Words by Hannah Reid, founder of bushgirlmedicine.com.
From birds and butterflies to trees and flowers, the tropics are almost synonymous with vibrant, saturated colour – and garden design is an opportunity to celebrate those tones. The Floral Colour Garden at the Queen Elizabeth II Botanic Park, with its pink, red, orange, yellow, white and blue gardens, is a stellar example of how colourful flowering trees and shrubs can bring all the hues of the rainbow into your backyard.
With a bit of thoughtful design and the careful selection of plants, gardens offer countless possibilities to bring tropical tones in, not only through the foliage and flowers but also through the pollinators and birdlife these will attract. Botanic Park General Manager John Lawrus explains how to approach your colour garden design:
“Good garden design always begins with taking a look at your soil structure, surveying existing plants and observing the movement of light in your area. It is always recommended to incorporate existing plants into your landscape plan,” he says. “Consider the different textures, shapes and growth patterns of the plants you have and those you want to add. Foliage, flowers and even fruits can be used to introduce bursts of colour to your outdoor spaces.”
Here are some native plants to consider when inviting colour into your garden or patio. Look for them at any local nursery selling native plants, including the Botanic Park.
Red | Pepper Cinnamon | Canella winterana
While scarlet Hibiscus or Bougainvillea flowers are an obvious choice, you can also look to a plant’s fruits to bring seasonal vibrancy. While Pepper Cinnamon has tiny red flowers, its seasonal berries are the show-stopper. Cabbage (Guapira discolor), Smokewood (Erythroxylum confusum or E. areolatum) and Fiddlewood (Petitia domingensis) also have crimson berries.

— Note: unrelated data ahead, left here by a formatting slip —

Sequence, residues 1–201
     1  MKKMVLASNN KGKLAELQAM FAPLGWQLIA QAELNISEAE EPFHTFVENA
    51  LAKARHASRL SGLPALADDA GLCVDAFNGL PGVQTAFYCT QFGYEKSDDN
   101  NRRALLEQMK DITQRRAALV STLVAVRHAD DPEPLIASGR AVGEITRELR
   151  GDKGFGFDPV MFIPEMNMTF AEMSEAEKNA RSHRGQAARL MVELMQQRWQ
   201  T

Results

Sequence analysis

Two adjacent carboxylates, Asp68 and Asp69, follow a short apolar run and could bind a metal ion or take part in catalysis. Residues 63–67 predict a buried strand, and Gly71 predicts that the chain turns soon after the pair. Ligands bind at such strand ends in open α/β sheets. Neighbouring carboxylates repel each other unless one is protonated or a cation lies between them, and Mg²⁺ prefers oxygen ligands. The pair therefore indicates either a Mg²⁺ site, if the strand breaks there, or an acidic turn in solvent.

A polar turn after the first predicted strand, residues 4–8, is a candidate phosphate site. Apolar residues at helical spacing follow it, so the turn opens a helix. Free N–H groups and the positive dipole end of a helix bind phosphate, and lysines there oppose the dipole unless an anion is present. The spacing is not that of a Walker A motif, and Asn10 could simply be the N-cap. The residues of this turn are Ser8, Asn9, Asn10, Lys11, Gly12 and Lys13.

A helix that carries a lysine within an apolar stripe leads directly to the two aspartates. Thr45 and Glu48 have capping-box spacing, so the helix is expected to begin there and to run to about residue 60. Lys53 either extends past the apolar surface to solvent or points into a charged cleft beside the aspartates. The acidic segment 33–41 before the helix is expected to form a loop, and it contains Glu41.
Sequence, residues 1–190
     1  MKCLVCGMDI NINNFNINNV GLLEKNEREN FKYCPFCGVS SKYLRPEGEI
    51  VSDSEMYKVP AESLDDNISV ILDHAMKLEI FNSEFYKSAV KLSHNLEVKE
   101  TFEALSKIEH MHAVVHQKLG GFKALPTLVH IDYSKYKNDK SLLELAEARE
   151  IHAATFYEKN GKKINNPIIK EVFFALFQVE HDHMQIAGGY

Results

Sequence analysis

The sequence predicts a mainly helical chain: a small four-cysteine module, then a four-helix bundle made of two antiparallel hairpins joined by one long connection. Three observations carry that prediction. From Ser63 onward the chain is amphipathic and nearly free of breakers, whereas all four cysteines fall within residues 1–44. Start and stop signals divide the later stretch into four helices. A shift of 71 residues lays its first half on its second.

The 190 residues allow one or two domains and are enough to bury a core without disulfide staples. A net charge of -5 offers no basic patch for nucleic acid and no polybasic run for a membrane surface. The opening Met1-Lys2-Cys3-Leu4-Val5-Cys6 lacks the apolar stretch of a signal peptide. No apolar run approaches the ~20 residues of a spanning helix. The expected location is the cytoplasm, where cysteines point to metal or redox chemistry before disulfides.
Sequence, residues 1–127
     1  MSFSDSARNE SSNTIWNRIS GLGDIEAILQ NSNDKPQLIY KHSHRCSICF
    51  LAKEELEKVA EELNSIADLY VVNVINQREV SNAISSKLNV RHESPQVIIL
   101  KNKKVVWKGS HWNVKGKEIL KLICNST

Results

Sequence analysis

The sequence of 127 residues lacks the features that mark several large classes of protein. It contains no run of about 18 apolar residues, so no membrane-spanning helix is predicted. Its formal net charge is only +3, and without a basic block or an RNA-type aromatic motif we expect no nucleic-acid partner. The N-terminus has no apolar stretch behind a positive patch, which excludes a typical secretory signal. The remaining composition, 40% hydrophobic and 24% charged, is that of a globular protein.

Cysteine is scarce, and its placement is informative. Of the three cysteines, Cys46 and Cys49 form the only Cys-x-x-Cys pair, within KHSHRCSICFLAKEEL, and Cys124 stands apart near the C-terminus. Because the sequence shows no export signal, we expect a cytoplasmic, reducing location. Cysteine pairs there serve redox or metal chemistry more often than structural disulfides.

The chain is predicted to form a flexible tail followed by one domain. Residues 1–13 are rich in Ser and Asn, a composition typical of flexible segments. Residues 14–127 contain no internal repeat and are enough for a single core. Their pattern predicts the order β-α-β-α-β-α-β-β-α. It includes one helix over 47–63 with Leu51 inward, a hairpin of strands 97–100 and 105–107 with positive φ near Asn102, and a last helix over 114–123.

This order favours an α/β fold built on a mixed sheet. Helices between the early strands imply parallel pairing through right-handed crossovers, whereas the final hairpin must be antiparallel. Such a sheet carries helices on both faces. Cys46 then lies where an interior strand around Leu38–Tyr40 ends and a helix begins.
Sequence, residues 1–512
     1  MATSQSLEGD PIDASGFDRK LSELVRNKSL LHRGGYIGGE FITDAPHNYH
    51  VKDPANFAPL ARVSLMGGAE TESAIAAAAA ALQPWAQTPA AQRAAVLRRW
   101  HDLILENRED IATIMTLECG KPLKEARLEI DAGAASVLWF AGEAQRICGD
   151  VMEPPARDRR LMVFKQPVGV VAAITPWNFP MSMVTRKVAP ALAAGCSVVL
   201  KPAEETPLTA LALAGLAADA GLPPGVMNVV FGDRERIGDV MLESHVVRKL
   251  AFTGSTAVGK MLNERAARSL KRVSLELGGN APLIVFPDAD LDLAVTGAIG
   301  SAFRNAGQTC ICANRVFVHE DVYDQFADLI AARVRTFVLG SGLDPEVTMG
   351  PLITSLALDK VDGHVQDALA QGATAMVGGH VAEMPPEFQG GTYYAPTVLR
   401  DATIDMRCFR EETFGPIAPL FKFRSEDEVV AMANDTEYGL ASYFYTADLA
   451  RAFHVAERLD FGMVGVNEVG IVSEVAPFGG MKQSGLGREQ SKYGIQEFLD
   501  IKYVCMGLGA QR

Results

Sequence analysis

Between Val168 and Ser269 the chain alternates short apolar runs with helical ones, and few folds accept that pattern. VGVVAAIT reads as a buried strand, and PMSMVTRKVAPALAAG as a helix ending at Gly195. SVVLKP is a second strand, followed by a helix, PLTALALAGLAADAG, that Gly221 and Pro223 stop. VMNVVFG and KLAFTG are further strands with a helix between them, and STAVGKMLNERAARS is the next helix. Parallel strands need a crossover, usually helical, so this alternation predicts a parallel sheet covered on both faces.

Orange | Broadleaf | Cordia sebestena var. Caymanensis
With showy orange blossoms and dark green leaves, Broadleaf stands out in any landscape while attracting pollinators to your garden.
Yellow | Dashalong | Turnera ulmifolia
These sunny blooms open in the morning and close up at night or when it gets cloudy. A member of the Passifloraceae family, there are three species of Turnera in the Cayman Islands. In addition to being a traditional medicine plant, Dashalong is also a food plant for the Mexican Fritillary butterfly.
Blue | Cayman Sage | Salvia caymanensis
This critically endangered shrub has tiny, blue flowers that are an essential nectar and pollen source for local bees and butterflies. Once presumed extinct, it was rediscovered in 2007 by Carla Reid and can now be purchased from the Botanic Park.
Purple | Christmas Blossom | Vernonia divaricata
This shrub’s purple flowers are a sure sign of the holidays and an important plant for local bees. Another native option and an alternative to the imported Mexican Petunia is Heart Plant or Duppy Gun (Ruellia tuberosa).
Pink | Whitewood | Tabebuia heterophylla
This beautiful, fast-growing tree produces showers of pretty, pink flowers, and its seeds will attract birds. If you are looking for a climbing vine, Curlin’ (Antigonon leptopus) is easy to grow and has bright pink bunches of flowers that pollinators love. Another option is Headache Bush (Quadrella cynophallophora) which has flowers that start white and shift to deep magenta as they age.
White | Frangipani | Plumeria obtusa
With fragrant, white flowers, Frangipani or Wild Jasmine is the perfect drought and sun-tolerant addition to your garden. It can be propagated from a cutting and is a food plant for the black, yellow and red caterpillars of the Pseudosphinxs tetreo moth.
For more local flora inspiration, visit ‘Bush Girl Medicine’ on Facebook and Instagram.
For more garden and colour inspiration visit www.vigoro.ky